I certainly hope that there will be serious improvements. Mainly because if fancy overlays don’t get “under control” I can’t see blender in serious game modeling production which heavily relies on being able to control high poly meshes in modeling mode. Not to mention vfx, I mean really, blender should be able to handle any scene with 20mil polygons (raw ones not talking subd here) on 1060gtx equivalent card.
I am sure it will be improved. If the benchmarks some people posted here are to be believed, right now 2.8 is worse off than 2.7x in terms of viewport performance, and that’s obviously not acceptable given 2.7x was already quite slow compared to other software. I don’t think they can afford regressing on that front.
I wouldn’t be surprised to see major performance improvements over the next couple of months. Brecht and Clement have a lot of experience with writing fast code (and Brecht’s expertise will help with more than just OpenGL stuff).
As long as those two are on board and developing in paid positions, there should be no need for great concern right now.
Maybe a tip for the viewport, for those high-res-mesh film scene objects, try to make better use of collections.
Now that there can be more such ‘layers’ enabled / hidden, and nested. That should make it possible to handle large scenes better. Ea hide all and unhide only the few objects that you need, and work on them. Nesting is really great for this.
Well benchmarks are to be believed. I’ve done tests myself because main interest for me in new blender is view port performance and eevee. And it’s bad. I can’t do any modeling on some of the meshes i’ve transferred from 3ds max without frustration.
Although retopology with 500k high poly mesh is much better now. Still not the best experience because if I import very high poly model with more than few 500k meshes blender isn’t happy about it.
I rely like blender so don’t get me wrong with my comments about performance. I can see it getting equal if not better than many commercial software packages out there but it needs to have similar functionality as the rest.
Yes that is why we have collections now for blender. It’s how its supposed to work in almost every flagship commercial package. You hide something scene works faster, and you can easily manage what to hide and what not. But I think blender still needs a lot of viewport optimizations. Viewport mode degradations, fast navigation modes, ability to turn off aa because atm it’s constantly on. etc…
Can you confirm that it is the viewport speed (e.g when you rotate, pan) or does the performance drop when you modify something? In my case even heavy scenes are snappy when opened, but Global Undo makes it unworkable (screen gradually starts going white, spinner for several seconds). If so, please try disable and see if it makes a difference. Here’s example of 3 minutes of work in a relatively light scene (note ram):
Ok that is insane ammount of ram for 20k mesh. For me viewport performance outside editing models is quite snappy even with a lot of stuff going on. Still can’t handle 20mil good tho. But when going to edit mode… any kind of edit is hell. Maybe I should mention in every post that I am referring to modeling performance not viewport per se. Anyway I have tried to change global undo. No difference on my side.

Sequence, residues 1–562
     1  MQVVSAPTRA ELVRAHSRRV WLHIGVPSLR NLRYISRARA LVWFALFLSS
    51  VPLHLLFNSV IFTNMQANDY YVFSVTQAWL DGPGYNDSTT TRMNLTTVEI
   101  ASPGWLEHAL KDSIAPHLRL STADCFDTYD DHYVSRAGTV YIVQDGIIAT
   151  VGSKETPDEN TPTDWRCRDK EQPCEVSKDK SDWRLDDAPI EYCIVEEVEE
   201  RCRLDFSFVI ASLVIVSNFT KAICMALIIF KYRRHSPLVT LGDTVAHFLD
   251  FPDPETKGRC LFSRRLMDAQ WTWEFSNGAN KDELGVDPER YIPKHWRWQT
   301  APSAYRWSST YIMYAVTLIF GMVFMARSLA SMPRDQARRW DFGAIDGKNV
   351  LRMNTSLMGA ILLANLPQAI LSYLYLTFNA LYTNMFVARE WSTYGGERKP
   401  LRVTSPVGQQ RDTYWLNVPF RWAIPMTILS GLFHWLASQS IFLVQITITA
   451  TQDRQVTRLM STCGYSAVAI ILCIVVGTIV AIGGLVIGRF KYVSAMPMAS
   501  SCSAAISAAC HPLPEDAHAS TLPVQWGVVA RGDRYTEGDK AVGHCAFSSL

I do not know the default hotkeys, so it’s difficult for me to test 2.8, but undo changed after 2.79 (probably same code in 2.8). Viewport speed is snappy, but things become very unresponsive as you manipulate scene and geometry.
Example from one of the more recent 2.79 builds:
This is a game model. Ignore edges/faces stats, it’s separate scene in a file. However It’s relatively light with only a few HP parts.
Here’s a simple face with displacement modifier:
To reiterate, while I am incompetent to test 2.8 with default hotkeys, i assume undo code is same as in latest 2.79.x builds (nightly*). I do not know if this helps anyone, but for myself I have identified Global Undo as the culprit. It makes everything uneditable and slow as it throws all that data to memory on smallest of edits (unrelated to actually pressing undo). This makes it very hard to use in production, even with relatively simple assets and scenes. Disabling it, saving preference, reopening blender does the trick. Viewport speed itself is excellent.
Still, being able to spin around and edit a film-quality scene at good framerates would be a great thing to have in Blender (which in a sense would simply be catching up the industry leading solutions).
If we want a mass movement of professionals moving to Blender, than super fast viewports and editing is an absolute must. What the core team can’t do is forego major optimization in favor of hiding behind a workflow filled with the hiding of objects.
I am on the latest 2.7x builds myself (with the undo changes) and strangely enough, the impact from the undo changes seem to have no major ill effect.